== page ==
2. two stamped US pennies, on a
  3. parquet flooring.

Musics[edit]

Technology has opened up doors that lead to skill development where these possibilities were never even considered decades earlier. Credit: Thoichang.

One such talented musician from Manipur who has used YouTube to share music to the world is June Neelu. The usage of free and open software itself translates into a counter hegemonic development against the dominant paradigm of the recording industry.

Plasmas[edit]

Main source: Plasmas
This image of a xenon ion engine, photographed through a port of the vacuum chamber where it was being tested at NASA's Jet Propulsion Laboratory, shows the faint blue glow of charged atoms being emitted from the engine. Credit: NASA.
The image shows the blue glow given off by the synchrotron beam from the National Synchrotron Light Source. Credit: NSLS, Brookhaven National Laboratory.
This image shows a beam of accelerated ions (perhaps protons or deuterons) escaping the accelerator and ionizing the surrounding air causing a blue glow. Credit: Lawrence Berkely National Laboratory.
The surface of a MEMS device is cleaned with bright, blue oxygen plasma in a plasma etcher to rid it of carbon contaminants. (100mTorr, 50W RF) Credit: .

The image in the center shows a blue glow in the surrounding air from emitted cyclotron particulate radiation.

At left is an image that shows the blue glow resulting from a beam of relativistic electrons as they slow down. This deceleration produces synchrotron light out of the beam line of the National Synchrotron Light Source.

"Plasma cleaning involves the removal of impurities and contaminants from surfaces through the use of an energetic plasma created from gaseous species. Gases such as argon and oxygen, as well as mixtures such as air and hydrogen/nitrogen are used. The plasma is created by using high frequency voltages (typically kHz to >MHz) to ionise the low pressure gas (typically around 1/1000 atmospheric pressure), although atmospheric pressure plasmas are now also common."[12]

Hypotheses[edit]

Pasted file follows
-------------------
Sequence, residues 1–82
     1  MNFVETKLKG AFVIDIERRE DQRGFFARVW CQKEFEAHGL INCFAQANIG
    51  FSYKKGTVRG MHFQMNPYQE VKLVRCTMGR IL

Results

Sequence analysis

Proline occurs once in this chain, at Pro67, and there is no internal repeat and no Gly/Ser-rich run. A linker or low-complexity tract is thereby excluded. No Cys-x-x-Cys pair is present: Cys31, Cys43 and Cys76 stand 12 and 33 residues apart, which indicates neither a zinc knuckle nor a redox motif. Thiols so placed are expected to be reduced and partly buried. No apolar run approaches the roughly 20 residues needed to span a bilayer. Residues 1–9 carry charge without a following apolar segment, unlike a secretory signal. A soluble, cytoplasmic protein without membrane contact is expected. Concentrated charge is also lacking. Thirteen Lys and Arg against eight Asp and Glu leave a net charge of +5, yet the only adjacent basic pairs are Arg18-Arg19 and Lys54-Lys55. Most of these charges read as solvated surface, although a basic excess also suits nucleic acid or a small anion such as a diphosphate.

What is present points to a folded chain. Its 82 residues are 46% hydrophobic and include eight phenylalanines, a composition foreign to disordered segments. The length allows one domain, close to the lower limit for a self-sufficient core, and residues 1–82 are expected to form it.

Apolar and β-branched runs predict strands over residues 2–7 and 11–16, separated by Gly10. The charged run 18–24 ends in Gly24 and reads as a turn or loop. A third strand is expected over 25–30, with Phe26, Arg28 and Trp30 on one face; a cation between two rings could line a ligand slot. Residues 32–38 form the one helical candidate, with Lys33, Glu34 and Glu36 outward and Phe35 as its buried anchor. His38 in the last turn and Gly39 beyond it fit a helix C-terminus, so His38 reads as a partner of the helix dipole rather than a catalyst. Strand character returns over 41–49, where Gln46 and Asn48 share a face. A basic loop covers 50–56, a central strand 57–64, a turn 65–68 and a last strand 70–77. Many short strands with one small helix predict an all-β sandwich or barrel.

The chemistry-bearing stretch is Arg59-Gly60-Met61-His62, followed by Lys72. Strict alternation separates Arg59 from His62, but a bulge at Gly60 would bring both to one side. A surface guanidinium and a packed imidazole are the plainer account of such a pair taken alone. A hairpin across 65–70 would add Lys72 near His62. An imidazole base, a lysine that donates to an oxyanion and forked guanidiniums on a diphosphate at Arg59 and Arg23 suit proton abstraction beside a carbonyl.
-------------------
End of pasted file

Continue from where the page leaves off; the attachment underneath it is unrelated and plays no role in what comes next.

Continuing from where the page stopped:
Main source: Hypotheses
  1. Technology is an opportunity to use materials or thinking and conceiving in the abstract to alter the course of events so that life forms having such facility can survive.

See also[edit]

References[edit]

  1. 1.0 1.1 1.2 1.3 1.4 1.5 1.6 1.7 "Technology, In: Wikipedia". San Francisco, California: Wikimedia Foundation, Inc. October 9, 2013. Retrieved 2013-10-10. 
  2. Read Bain, "Technology and State Government," American Sociological Review 2 (December 1937): 860.
  3. Donald A. MacKenzie and Judy Wajcman, "Introductory Essay" in The Social Shaping of Technology, 2nd ed. (Buckingham, England : Open University Press, 1999) ISBN 0-335-19913-5.
  4. "Definition of technology". Merriam-Webster. Retrieved 2007-02-16. 
  5. Franklin, Ursula. "Real World of Technology". House of Anansi Press. Retrieved 2007-02-13. 
  6. Stiegler, Bernard (1998). Technics and Time, 1: The Fault of Epimetheus. Stanford University Press. pp. 17, 82. ISBN 0-8047-3041-3. 
  7. Stiegler, Bernard (2008). L'avenir du passé: Modernité de l'archéologie. La Découverte. p. 23. ISBN 2-7071-5495-4. 
  8. "Industry, Technology and the Global Marketplace: International Patenting Trends in Two New Technology Areas". Science and Engineering Indicators 2002. National Science Foundation. Retrieved 2007-05-07. 
  9. Dennis McCarthy, P. Kenneth Seidelmann (2009). TIME from Earth Rotation to Atomic Physics. Weinheim: Wiley-VCH. ch. 10 & 11. 
  10. "Atomic clock, In: Wikipedia". San Francisco, California: Wikimedia Foundation, Inc. October 12, 2012. Retrieved 2012-10-24. 
  11. "laboratory, In: Wiktionary". San Francisco, California: Wikimedia Foundation, Inc. September 21, 2013. Retrieved 2013-09-30. 
  12. "Plasma cleaning, In: Wikipedia". San Francisco, California: Wikimedia Foundation, Inc. April 13, 2013. Retrieved 2013-05-28. 

External links[edit]